Nancy Mentesana is the Executive Director of ESG at Labrador US, a global communications firm focused on corporate disclosure documents. She says we are in the midst of a transformation from fragmented to regulatory reporting.

“Instead of simply publishing a report focused on high-level CSR initiatives like employee stories or beach cleanup days, groups have become focused on the sophistication of their communication of ESG data, targets and progress over time,” says Mentesana. 

“If companies don’t have targets, they are figuring out how to set them and, if they already have set targets, they are demonstrating them with verified methodologies.”

Clearly, the situation is complex, and there are people who believe this latest shift in the demands placed on sustainability teams is a natural evolution.

"In recent years, we've seen a shift from amateurs to subject matter experts,” says Elisa Moscolin, Executive Vice President for Sustainability at Sage Group.

“CSR – and now sustainability teams – have been historically staffed with people with tons of good intentions, but not enough expertise. Like any other area of business, having people with the right expertise and skills is key to successfully delivering on the strategy.

“When it comes to non-financial disclosures, it is essential to have someone who understands the reporting standards and can help the company respond. I see the ESG controller as a potential evolution of the Sustainability reporting expert, which given the complexity and sophistication of the emerging regulations, will be an increasingly important role.”

Finance critical to success

Moscolin highlights an important question for all organisations looking to bring in a dedicated ESG Controller – where does that person sit, and are they more aligned to the finance team than the sustainability team?

She says the convergence between financial and non-financial information “brings rigour to the disclosures. However, I would caution against confusing ESG controller/reporting with the role of a CSO, and I believe more work and discussions are needed to avoid decoupling data from strategy”.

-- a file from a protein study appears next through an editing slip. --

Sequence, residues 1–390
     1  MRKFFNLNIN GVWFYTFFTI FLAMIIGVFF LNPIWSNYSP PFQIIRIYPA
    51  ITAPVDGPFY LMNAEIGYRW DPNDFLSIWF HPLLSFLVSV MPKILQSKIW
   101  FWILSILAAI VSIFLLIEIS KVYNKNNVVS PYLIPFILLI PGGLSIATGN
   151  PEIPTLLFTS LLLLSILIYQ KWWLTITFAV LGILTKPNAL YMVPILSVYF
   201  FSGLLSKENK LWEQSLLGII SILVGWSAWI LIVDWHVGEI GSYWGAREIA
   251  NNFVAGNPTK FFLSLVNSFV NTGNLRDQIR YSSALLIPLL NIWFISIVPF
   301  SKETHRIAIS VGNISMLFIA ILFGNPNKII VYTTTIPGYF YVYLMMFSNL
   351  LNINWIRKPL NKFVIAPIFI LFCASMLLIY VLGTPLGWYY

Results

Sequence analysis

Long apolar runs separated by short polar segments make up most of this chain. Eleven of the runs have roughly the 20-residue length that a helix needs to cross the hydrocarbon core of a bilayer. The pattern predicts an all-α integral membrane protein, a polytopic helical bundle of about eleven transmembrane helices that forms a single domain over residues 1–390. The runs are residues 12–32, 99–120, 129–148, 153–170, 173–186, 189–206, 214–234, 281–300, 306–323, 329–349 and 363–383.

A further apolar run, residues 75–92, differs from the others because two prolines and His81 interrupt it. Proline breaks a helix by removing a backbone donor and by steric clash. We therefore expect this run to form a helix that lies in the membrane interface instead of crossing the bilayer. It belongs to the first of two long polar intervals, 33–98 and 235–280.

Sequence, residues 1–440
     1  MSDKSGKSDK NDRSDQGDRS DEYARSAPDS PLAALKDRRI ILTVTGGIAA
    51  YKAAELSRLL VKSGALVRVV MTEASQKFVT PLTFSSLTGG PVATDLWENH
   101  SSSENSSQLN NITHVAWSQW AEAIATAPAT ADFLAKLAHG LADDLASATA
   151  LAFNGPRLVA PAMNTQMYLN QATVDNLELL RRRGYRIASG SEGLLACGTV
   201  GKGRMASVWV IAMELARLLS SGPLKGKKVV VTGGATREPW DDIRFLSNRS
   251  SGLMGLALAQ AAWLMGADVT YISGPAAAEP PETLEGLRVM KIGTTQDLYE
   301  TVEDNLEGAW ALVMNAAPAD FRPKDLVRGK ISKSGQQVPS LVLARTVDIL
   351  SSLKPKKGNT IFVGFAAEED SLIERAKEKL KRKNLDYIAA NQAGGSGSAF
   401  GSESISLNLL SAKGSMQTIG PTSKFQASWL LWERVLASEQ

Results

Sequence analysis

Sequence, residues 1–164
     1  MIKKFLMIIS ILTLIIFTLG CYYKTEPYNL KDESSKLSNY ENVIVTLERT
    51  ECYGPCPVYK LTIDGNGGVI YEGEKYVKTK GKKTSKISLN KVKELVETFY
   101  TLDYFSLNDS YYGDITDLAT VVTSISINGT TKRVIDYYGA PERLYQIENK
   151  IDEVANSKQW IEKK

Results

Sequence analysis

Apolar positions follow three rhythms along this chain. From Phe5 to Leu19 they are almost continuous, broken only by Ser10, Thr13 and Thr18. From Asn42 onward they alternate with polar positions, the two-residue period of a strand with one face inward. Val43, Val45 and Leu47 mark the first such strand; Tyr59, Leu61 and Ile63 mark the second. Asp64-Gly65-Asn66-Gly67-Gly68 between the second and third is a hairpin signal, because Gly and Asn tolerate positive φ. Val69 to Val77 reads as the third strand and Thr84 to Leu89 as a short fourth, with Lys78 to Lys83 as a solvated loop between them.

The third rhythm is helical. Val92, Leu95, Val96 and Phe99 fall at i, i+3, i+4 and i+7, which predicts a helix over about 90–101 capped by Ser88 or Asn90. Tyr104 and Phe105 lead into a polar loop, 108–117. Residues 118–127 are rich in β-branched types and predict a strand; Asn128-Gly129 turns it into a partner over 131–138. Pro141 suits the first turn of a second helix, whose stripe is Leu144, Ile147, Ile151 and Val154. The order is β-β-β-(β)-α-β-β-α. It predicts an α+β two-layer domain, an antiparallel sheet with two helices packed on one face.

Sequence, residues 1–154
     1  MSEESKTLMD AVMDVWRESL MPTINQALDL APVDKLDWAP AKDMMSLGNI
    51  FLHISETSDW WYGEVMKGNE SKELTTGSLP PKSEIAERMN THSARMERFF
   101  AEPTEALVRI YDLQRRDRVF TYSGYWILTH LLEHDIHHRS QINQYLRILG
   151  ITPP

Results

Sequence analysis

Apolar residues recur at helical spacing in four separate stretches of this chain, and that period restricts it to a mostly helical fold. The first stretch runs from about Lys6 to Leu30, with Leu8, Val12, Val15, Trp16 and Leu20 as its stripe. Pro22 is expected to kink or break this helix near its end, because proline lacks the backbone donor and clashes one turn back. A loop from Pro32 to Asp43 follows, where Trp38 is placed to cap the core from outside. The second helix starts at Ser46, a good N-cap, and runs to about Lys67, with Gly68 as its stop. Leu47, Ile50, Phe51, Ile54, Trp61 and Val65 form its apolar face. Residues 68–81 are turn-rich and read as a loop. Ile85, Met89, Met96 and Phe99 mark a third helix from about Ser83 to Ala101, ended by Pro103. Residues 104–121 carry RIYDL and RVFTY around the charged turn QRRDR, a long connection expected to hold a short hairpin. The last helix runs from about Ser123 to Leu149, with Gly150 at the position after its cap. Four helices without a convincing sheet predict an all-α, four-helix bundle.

IBM’s Shim says she has experienced various operating models, ranging from a Centre of Excellence combining sustainability and finance skills to having part-time or dedicated resources within the Controllership function.

“Right now, the ESG Controller role signifies the importance of getting a handle on the right data and enabling reporting and compliance,” she says. “But that’s not where it will stay. Moving forward, I think it’s clear that ESG Controllers will be instrumental in ‘actioning’ this data, embedding it into processes both to support meeting sustainability targets and as part of good business practices.”

Shim adds that every organisation is on its own journey, and whether or not they need distinct sustainability and financial controllers depends on many factors. Regardless of where they are, the collaboration between sustainability, finance, and many other internal stakeholders will be critical to ensure compliance and drive business value.

Microsoft’s Sekol backs up the importance of business value, adding that it is the “crux of the issue”. He says ESG Controllers aligning with the disclosures may report on material information and even the company's impact, but may need more agency to act. 

“The new corporate sustainability due diligence directive in the EU is getting companies to adopt transition plans aligned with the Paris Agreement and deal with human impact, but regulations will likely never force companies to deal with their most material ESG matters,” he says.

“Yet, every company has unique intersections with this topic, and the role of the ESG Controller could surface those connections to the management team and business units via high-quality data and robust analysis. 

“Whether those management teams will listen, fund, and act remains to be seen.”

It’s one thing listening to an ESG Controller, but finding that talent in the first place could be a challenge, says Sage’s Moscolin.

“The talent market is not mature enough; it is easy to find financial controllers and you can find some really good Sustainability reporting experts if you look hard enough, but finding individuals that are equally competent in both is simply a skill set that doesn’t yet exist and will take years to develop,” says Moscolin.

“It is critical that we continue strengthening the collaboration between sustainability reporting, finance and data teams.”

The need for robust ESG reporting is right here, right now. Is your organisation ready?